Generating Leads With a Click of the Mouse

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When's the last time you did a cost-benefit analysis of your lead generation program? How much did you spend on postage and printing? You don't even want to think about the added costs of following up each piece of mail with a telephone call.


Kind of scary, especially when you consider you're spending $45 an hour for 20 calls, and maybe, just maybe, your callers are getting through to 25 percent of the prospects. That's a lot of expensive voice mail messages your people are leaving -- messages that are rarely answered.


The economics of traditional prospecting and qualifying leads can be depressing.


The good news is that the Internet is opening new, less costly avenues to accomplish what every company must do to grow -- generate leads. Moreover, done properly the use of interactive tools will let your company build a powerful database of potential customers, and prospect to them in a highly personalized, one-to-one manner.


Suppose your company decided to capture the e-mail addresses (as part of the contact information) of all prospects who stopped by your booth at a trade show? And you ask them for permission to contact them by e-mail (ethical e-mail marketing). And suppose that within a day of the show, you send an e-mail message to all of your attendees thanking them for stopping by and asking if they'd like additional information. You include a URL for those prospects ready to take the next step and visit your Web site.


Think of the savings. Proper database management at this point is crucial. Imagine the database of prospects you could have at your fingertips, hopefully with rich demographic information for future marketing efforts. More importantly, consider what happens when a "suspect" takes the first step in the sales process by going on the Web and filling out a form to request more information about your product. He becomes an incredibly low cost prospect.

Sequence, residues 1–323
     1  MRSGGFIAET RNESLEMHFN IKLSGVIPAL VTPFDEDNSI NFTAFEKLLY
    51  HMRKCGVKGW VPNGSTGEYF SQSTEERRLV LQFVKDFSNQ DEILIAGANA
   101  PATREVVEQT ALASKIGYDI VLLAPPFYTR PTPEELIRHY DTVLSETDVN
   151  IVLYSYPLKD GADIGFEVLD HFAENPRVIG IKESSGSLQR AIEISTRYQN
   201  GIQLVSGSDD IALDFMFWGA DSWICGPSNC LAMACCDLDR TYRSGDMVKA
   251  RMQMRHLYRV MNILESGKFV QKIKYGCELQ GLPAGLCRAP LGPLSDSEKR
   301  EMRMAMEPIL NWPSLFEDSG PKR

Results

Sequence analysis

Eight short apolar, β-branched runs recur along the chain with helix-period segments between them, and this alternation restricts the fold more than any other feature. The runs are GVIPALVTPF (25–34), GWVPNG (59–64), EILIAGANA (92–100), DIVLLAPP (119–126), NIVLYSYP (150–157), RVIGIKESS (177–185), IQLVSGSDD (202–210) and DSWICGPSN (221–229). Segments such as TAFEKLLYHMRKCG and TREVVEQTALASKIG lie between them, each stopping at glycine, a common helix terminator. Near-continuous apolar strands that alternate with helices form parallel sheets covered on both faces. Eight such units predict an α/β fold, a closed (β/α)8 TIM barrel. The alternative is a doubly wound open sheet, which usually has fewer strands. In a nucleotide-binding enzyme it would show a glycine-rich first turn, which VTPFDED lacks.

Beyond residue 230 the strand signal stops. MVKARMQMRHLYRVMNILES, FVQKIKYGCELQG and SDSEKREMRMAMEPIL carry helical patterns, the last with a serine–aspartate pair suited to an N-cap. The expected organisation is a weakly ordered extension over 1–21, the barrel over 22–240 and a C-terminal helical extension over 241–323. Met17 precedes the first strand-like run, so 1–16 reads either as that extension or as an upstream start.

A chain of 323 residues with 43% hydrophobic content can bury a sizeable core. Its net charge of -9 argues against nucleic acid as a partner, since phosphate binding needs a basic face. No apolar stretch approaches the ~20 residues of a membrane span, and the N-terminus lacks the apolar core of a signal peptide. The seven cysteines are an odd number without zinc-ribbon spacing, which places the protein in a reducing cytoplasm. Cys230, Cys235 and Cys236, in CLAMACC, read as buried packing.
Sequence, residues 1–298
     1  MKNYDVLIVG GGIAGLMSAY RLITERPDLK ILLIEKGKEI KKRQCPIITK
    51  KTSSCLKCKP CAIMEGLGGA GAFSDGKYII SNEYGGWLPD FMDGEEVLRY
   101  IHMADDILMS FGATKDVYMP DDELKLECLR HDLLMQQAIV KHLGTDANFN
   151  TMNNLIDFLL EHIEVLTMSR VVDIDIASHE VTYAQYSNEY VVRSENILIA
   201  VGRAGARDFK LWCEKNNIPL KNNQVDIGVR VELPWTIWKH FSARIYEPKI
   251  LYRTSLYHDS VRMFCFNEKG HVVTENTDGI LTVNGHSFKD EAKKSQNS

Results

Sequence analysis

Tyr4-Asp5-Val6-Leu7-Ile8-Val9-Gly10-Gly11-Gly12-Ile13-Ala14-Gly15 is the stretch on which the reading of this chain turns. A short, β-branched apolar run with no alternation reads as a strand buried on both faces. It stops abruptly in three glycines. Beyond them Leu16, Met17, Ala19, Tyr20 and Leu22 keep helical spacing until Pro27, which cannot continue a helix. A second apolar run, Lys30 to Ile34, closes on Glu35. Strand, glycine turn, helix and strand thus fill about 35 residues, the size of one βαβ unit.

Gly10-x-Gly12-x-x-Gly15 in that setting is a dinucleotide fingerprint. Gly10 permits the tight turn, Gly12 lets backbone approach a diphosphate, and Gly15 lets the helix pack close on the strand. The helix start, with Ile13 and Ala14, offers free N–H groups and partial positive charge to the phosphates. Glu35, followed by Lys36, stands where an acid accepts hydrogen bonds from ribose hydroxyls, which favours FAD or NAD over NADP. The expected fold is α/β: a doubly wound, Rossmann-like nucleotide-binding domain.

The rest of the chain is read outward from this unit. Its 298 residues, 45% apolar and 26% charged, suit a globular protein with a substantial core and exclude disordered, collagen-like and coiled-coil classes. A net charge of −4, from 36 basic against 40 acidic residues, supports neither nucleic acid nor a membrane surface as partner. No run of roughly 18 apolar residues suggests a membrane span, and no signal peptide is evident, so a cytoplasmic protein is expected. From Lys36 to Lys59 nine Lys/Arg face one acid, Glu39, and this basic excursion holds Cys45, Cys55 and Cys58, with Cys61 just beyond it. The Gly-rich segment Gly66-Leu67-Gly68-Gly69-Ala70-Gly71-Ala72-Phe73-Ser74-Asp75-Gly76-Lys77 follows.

You're getting qualified prospects who can turn into leads without spending anything on printing or putting an army of telemarketers to work. You don't even need to worry about whether or not your phone reps are getting all the information right; the prospect is doing all the work.


Interactive tools such as e-mail are changing the lead-generation process for the better. These tools have implications for every business that relies on direct mail and/or telemarketing to identify, qualify and close prospects.


Internet-savvy marketers are creating powerful databases that offer the highest levels of one-to-one personalized marketing at a fraction of the typical costs associated with established direct marketing programs. Imagine for a moment how publishers of controlled circulation magazines can benefit from using e-mail -- instead of print mailings -- to re-qualify subscribers. The savings alone would justify the investment in e-mail technology.


For an example of the power of e-mail marketing, 3Com Corp. recently ran an online sweepstakes that started as an afterthought to a standard direct marketing campaign. The company used a satellite Web site to drive traffic from banner ads that were placed on 20 different Web sites, according to a recent report in <I>DM News.<I> 3Com also promoted the contest heavily on its own site and rented e-mail subscriber lists from IDG Publishing's e-mail newsletters Network World, JavaWorld and SunWorld. In just nine weeks, 3Com generated 93 sales worth nearly $4 million. 3Com's experience offers valuable lessons to all of us in the direct marketing industry.


Those lessons should be obvious: E-mail and other interactive solutions offer a low-cost, highly targeted way of generating and qualifying leads. The technology requirements of an e-mail direct marketing campaign are quite simple. What's critical is developing a set of qualifying questions and using some filtering processes to screen the first round of mail.


Remember that you are communicating with customers and potential customers who already know who you are and who may have an existing business relationship with your company. That's critical because it avoids any questions about sending spam. You can qualify leads through e-mail or through a Web interface. Then you can communicate additionally via e-mail or transfer the hot prospects to live callers who can close the sale.


And all the time, you are building a database of customers and prospects who know your products and services and are likely targets for future mailings. In effect, you are creating a "lead cycle" that you can use again and again, each time adding additional demographic and buying information.


A lead program then becomes something more -- an interactive, one-to-one post-sales program that unites customer and product through the product's entire life cycle.


We hear talk all the time of how the Internet is creating online communities of people with similar interests. But business-to-business e-mail is doing something far more; it is creating a positive, continuing relationship between buyer and seller -- a relationship that may very well last a life time.
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